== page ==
BitDegree: Review / First Impressions

So Bitdegree reached out to me and asked me to have a look at them, which is what I’m doing in this post. It’s not a paid promotion and I’ve had a sceptical look at the site. Also this isn’t a real review of bitdegree, but more of a first impression.

Bitdegree makes some bold promises when it comes to education, their website has a white paper about using their own cryptocurrency based on Ethereum. That currency will be used as an incentive from sponsors and businesses to encourage the participation in courses to make sure an adequately qualified workforce is available in all areas of the world.

Or so states the whitepaper, which isn’t entirely implemented yet.

To be fair, they did take the time to answer my questions, even though a lot of the answers weren’t great, they were open about the topics when approached about them.

Course Quality

The audio quality of the example course I picked was terrible. If the course had not been free, I would actually have asked for a refund.

The image quality was also not great, but acceptable.

The whole course had branding from another online education site, but authors there are non-exclusive so they can re-publish their courses anywhere.

The only real interactive code I found was on the C-like Solidity language that is responsible for smart contracts on the Ethereum blockchain, but it does include a code editor and actually covers some basic typing and other simple concepts like maps and functions. A second one was revealed at the end of that, but is otherwise not visible in the interactive section of the site.

Site Concept

Some of the gamification elements remind a little of duolingo and the like, but there aren’t many meaningful mechanisms to hold students to their learning goals as just watching videos will get you your daily XP and there is no quiz or live-coding that will be checked with automated unit tests.

At the time of writing the site is basically an alternative to YouTube, but you’ll actually need to pay for a majority of the courses.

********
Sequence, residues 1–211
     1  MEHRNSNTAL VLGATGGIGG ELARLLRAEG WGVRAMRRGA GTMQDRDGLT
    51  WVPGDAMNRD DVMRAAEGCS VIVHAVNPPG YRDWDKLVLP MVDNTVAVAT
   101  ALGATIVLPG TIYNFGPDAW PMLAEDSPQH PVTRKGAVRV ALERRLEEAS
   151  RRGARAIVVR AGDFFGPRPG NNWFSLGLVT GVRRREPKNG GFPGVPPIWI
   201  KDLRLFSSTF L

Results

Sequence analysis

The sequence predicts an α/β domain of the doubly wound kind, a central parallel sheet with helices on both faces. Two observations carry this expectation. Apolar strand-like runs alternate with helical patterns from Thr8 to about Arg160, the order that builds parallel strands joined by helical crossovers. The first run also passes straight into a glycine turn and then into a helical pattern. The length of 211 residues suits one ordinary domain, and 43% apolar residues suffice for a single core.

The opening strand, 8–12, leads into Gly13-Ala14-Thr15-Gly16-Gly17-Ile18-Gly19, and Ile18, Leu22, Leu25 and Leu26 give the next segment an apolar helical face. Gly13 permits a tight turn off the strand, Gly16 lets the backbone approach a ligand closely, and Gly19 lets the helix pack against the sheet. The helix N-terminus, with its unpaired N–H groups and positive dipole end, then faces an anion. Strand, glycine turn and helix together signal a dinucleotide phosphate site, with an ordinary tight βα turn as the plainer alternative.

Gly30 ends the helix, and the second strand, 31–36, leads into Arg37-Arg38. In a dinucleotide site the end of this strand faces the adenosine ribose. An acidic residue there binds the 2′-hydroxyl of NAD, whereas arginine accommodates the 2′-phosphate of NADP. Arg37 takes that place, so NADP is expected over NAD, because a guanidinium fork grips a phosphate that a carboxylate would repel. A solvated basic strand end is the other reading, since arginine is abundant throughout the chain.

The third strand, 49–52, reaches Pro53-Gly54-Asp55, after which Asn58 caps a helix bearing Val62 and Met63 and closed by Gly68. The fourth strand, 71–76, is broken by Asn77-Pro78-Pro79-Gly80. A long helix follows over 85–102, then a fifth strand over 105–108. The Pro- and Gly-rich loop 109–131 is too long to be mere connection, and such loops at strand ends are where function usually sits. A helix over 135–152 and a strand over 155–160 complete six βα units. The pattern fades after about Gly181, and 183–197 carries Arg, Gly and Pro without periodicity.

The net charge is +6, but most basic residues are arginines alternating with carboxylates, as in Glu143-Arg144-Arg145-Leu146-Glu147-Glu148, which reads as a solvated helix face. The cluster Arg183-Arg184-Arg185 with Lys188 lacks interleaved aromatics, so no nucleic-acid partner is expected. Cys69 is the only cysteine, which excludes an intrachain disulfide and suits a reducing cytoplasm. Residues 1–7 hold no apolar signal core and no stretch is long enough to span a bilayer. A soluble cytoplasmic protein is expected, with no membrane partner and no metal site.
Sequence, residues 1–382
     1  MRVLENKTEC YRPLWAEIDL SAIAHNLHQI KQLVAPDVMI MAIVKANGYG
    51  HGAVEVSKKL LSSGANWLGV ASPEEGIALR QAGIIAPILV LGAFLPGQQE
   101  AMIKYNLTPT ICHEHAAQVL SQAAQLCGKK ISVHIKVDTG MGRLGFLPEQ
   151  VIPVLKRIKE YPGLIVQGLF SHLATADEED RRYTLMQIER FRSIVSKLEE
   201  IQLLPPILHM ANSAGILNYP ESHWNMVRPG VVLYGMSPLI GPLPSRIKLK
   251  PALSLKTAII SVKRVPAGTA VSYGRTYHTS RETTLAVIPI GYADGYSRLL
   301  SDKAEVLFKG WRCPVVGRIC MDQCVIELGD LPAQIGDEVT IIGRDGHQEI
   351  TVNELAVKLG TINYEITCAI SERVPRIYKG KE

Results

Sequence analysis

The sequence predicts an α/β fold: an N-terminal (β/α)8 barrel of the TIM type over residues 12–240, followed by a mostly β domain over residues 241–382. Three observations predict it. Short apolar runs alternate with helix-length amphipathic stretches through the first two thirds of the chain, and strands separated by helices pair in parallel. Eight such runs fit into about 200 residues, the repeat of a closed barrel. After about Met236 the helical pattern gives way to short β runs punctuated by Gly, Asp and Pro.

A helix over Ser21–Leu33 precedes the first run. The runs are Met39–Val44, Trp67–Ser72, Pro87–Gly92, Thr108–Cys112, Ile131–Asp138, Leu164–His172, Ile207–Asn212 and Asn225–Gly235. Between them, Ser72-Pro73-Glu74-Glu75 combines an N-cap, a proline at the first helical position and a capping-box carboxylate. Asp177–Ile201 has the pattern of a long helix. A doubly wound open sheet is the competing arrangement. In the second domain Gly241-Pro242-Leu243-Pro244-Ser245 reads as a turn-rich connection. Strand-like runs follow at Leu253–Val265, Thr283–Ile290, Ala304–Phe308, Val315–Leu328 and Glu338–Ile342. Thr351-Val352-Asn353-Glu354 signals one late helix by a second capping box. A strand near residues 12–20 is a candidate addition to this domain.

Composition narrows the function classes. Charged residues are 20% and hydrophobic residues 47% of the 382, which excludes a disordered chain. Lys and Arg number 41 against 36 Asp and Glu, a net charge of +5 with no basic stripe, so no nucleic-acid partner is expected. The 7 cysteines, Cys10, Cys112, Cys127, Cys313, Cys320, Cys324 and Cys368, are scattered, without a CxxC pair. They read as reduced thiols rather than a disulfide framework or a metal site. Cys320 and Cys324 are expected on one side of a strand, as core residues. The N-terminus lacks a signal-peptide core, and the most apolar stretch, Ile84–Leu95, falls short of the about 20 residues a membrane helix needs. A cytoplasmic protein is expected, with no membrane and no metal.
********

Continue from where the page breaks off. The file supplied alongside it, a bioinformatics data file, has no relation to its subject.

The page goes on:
The referral part is so far the only that allows you to gain the BDG “cryptocurrency” tokens. The payout of affiliate invitations of new users starts at 16250 BDG or 0.38 ETH, which is only going to be achievable by a very limited number of influential people at this point.

Their referral material misrepresents their own platform compared to others by advertising free courses.

Summary

I don’t like to give negative reviews and I don’t want to diminish the efforts of everybody who works on this. I’ll say it has a long way to go before it becomes a serious competitor to a lot of the other fantastic sources for education elsewhere.

The goal to have free learning like sketched out in the whitepaper that basically steps into a place between linkedin and codeschool (and similar) that connects candidates and companies and has companies “donate” specific courses where they need qualified professionals is an ambitious goal.

The execution so far is not very far and the specifics of crypto tokens, blockchains and the “vendor lock” into specific systems is not very tempting, also almost all courses need to be bought for now.

At last, I wrote this post because they reached out to me directly, asking me to have a look. I am not impressed.

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